3D printing used to make lighter-weight knee brace
Image credit: Nanyang Technological University
Scientists have developed a light, robust knee brace that can be made using 3D printing techniques.
Developed by Singapore engineering firm Delsson, in collaboration with 3D printing specialists from Nanyang Technological University (NTU), Singapore, the X-Brace is around 30 per cent lighter than traditional exoskeleton knee braces.
The weight savings were achieved thanks to a new 3D-printed design that uses lightweight plastic and assistive springs instead of metal. It weighs about 720g - 30 per cent lighter than the typical metal orthopaedic braces that can weigh over 1kg.
Braces are often prescribed to elderly patients to help alleviate the burden on their knee joints, as well as to assist patients who have undergone surgery on their knees, such as reconstruction of torn ligaments, often suffered by athletes.
The researchers used 3D-modelling to help validate their design ideas and enable them to achieve the significant weight reductions.
“Lightweight and strength are crucial to this project. We first analysed the conventional knee braces and their current bill of material. We decided to change to a plastic material with optimised structure. Using topology optimisation with a delineated stress map and 3D modelling, we then designed new structures and joints that are strong enough to withstand the flex of the knee and still assist it to move in the correct direction,” explained Joel Lim, an NTU PhD student who led the design efforts.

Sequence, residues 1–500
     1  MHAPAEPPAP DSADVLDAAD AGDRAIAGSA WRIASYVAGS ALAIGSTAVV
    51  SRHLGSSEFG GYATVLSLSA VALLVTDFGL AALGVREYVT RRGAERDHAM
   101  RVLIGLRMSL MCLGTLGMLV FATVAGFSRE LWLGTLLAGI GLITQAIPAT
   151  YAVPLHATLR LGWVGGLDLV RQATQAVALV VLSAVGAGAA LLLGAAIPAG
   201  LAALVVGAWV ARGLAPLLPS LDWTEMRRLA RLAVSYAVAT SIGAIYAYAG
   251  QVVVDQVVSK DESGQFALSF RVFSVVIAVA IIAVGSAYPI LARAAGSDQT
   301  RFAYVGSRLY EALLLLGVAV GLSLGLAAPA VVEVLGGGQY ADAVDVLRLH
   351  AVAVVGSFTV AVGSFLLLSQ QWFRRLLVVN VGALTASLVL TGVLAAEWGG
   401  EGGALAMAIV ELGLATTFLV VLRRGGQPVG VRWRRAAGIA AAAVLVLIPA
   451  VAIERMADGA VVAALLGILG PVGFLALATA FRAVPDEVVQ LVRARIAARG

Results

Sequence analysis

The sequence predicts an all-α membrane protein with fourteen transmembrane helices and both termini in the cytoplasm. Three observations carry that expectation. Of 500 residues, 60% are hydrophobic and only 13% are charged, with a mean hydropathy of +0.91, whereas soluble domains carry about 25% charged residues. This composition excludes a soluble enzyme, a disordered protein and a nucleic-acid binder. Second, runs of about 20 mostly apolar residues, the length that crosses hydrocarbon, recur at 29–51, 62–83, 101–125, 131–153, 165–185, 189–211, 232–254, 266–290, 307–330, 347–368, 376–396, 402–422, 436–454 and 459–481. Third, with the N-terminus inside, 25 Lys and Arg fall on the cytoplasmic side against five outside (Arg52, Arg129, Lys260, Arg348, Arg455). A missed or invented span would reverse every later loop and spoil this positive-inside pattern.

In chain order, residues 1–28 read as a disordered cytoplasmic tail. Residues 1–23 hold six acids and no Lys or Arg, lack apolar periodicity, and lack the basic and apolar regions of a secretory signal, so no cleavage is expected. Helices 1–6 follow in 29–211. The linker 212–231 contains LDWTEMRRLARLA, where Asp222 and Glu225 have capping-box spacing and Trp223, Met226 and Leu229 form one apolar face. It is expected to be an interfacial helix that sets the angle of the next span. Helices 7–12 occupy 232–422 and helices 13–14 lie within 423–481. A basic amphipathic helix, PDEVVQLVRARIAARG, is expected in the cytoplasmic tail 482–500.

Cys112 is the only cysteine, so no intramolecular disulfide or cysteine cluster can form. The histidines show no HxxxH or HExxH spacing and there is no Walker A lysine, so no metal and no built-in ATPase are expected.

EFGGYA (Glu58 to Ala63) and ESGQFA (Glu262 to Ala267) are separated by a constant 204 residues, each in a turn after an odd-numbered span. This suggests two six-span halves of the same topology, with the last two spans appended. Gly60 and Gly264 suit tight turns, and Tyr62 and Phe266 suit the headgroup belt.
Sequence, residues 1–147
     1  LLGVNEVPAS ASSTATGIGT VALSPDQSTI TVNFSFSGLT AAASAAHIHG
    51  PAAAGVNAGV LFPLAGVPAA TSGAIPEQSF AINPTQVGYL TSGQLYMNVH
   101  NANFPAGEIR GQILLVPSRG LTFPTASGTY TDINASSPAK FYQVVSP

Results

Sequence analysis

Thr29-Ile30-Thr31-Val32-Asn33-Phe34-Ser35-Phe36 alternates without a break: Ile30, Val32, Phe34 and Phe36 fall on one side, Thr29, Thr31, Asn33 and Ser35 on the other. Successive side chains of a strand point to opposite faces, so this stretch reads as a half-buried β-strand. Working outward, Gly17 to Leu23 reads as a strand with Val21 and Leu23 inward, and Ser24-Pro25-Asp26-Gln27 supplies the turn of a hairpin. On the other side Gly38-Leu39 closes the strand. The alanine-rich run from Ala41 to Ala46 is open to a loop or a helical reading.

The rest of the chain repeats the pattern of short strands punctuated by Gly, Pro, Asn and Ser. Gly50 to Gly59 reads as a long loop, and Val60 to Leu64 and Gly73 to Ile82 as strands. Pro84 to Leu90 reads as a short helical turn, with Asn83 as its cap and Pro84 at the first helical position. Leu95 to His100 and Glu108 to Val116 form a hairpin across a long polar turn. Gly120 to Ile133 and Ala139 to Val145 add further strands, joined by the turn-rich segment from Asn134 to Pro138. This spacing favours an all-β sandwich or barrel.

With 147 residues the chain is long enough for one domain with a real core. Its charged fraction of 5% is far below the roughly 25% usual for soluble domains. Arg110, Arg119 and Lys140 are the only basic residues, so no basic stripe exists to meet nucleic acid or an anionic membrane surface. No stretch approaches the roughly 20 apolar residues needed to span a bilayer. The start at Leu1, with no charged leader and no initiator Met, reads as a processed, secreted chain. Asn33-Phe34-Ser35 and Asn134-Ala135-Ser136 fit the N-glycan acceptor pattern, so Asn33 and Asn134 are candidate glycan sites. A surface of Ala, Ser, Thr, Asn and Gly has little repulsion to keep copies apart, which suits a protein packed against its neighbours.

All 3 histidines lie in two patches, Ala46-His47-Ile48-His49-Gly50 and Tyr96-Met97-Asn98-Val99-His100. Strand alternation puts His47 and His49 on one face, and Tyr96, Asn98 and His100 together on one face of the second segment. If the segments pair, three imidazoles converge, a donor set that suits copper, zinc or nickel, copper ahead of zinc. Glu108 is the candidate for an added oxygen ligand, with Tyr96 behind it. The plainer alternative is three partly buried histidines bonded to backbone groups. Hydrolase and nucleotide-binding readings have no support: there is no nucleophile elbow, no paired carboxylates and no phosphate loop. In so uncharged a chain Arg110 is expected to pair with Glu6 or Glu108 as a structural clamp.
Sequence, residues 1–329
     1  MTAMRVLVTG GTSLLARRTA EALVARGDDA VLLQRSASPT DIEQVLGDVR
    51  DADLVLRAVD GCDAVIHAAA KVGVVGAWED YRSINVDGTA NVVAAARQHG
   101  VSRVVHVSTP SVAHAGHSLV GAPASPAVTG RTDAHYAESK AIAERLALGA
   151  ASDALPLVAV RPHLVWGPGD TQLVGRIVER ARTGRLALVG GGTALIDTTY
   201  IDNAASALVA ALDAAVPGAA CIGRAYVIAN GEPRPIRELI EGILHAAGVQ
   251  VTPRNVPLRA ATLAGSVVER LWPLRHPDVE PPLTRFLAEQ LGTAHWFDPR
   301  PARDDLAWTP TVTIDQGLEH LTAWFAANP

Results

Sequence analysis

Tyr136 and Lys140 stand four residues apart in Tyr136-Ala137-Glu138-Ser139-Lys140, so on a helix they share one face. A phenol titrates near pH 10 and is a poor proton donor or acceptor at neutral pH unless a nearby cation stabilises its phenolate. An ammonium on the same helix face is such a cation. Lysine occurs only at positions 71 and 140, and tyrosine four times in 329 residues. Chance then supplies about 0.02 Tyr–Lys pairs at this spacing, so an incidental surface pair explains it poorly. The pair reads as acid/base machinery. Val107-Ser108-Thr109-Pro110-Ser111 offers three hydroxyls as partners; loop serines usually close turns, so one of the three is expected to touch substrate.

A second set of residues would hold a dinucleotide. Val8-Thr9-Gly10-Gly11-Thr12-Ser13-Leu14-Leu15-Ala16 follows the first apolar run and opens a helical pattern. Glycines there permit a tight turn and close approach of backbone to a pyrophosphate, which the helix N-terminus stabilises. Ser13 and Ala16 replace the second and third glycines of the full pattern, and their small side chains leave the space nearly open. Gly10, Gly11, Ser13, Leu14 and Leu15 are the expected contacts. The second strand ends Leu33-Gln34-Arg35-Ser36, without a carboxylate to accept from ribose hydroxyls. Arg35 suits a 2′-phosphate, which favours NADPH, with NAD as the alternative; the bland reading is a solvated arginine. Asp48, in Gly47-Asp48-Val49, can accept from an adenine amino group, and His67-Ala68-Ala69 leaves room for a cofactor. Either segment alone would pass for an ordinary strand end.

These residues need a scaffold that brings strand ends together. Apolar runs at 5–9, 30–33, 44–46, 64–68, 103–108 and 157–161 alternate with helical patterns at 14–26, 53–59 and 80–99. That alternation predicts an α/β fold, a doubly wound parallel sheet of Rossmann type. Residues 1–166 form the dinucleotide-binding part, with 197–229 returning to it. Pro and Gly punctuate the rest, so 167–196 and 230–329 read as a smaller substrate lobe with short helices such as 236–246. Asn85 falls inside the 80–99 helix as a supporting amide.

The researchers believe the X-Brace could help to change the way doctors and physiotherapists treat and manage different knee conditions, given that the amount of assistance given by the brace can now be customised, from 6kg to 32kg of force.
“X-Brace will be revolutionary for patient recovery. It is lightweight and does not slip, while its modular assistance load allows patient recovery to be individualised. NTU’s help in providing a quantitative methodology to reduce wall thickness and profile of the frame was crucial in achieving the weight reduction after several reiterations,” said Fabian Ong, executive director of Delsson.
While the purpose of a conventional brace is to keep the knee unflexed and restrict the movement of the knee by stopping the user from bending the knee beyond a certain angle, the modular design of the Exo-brace allows patient recovery to be based on exercising the knee after surgery.
Since everyone recovers at a different pace, the tension of the spring and the location of the spring (left, right, or both sides) on the brace is decided by the doctor or physiotherapist to best provide the needed support, while allowing the patient to recover at his or her own pace by daily movement.
3D printing is increasingly being used in healthcare settings. Last month, a man from Hackney in East London became the first person in the world to have a 3D-printed prosthetic eye inserted into his socket.
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